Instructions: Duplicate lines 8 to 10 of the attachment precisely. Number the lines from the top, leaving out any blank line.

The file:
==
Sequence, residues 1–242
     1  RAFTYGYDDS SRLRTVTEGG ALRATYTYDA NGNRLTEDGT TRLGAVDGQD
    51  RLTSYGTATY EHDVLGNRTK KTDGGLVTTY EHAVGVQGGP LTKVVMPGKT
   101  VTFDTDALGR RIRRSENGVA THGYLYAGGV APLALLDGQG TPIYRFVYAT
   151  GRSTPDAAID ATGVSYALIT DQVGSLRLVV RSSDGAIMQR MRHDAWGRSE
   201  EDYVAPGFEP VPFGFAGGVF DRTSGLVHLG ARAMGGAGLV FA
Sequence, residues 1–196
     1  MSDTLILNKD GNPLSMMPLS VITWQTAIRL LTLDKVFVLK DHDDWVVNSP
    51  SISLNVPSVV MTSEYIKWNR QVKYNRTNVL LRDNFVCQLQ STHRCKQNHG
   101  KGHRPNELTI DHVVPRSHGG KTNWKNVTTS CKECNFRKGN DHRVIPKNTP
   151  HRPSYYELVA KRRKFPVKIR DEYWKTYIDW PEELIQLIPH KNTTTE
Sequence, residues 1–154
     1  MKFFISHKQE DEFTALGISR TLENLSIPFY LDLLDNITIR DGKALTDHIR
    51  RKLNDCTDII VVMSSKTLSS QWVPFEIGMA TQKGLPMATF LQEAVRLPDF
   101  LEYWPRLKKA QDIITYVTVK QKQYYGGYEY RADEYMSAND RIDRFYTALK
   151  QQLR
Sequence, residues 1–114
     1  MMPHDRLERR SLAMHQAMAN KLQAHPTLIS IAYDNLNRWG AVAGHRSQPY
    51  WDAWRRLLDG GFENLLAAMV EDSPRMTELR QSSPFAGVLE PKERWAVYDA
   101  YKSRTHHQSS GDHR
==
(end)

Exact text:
     1  MSDTLILNKD GNPLSMMPLS VITWQTAIRL LTLDKVFVLK DHDDWVVNSP
    51  SISLNVPSVV MTSEYIKWNR QVKYNRTNVL LRDNFVCQLQ STHRCKQNHG
   101  KGHRPNELTI DHVVPRSHGG KTNWKNVTTS CKECNFRKGN DHRVIPKNTP